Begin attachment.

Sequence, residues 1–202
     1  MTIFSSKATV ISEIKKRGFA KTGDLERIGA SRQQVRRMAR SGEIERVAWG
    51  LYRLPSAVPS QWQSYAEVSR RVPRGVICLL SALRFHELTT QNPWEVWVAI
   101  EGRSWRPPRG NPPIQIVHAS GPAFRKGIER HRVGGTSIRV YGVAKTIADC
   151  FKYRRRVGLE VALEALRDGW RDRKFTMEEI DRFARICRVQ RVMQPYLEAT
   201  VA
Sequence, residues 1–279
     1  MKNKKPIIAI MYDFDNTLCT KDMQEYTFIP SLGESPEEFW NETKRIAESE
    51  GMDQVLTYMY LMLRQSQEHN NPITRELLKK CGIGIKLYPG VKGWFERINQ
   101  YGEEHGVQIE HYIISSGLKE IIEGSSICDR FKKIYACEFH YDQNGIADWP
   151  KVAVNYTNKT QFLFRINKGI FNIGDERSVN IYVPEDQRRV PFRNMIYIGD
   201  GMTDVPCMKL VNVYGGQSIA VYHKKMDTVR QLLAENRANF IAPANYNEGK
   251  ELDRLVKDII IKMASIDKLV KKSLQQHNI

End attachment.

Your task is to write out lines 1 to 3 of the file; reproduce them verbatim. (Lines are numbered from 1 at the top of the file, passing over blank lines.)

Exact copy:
Sequence, residues 1–202
     1  MTIFSSKATV ISEIKKRGFA KTGDLERIGA SRQQVRRMAR SGEIERVAWG
    51  LYRLPSAVPS QWQSYAEVSR RVPRGVICLL SALRFHELTT QNPWEVWVAI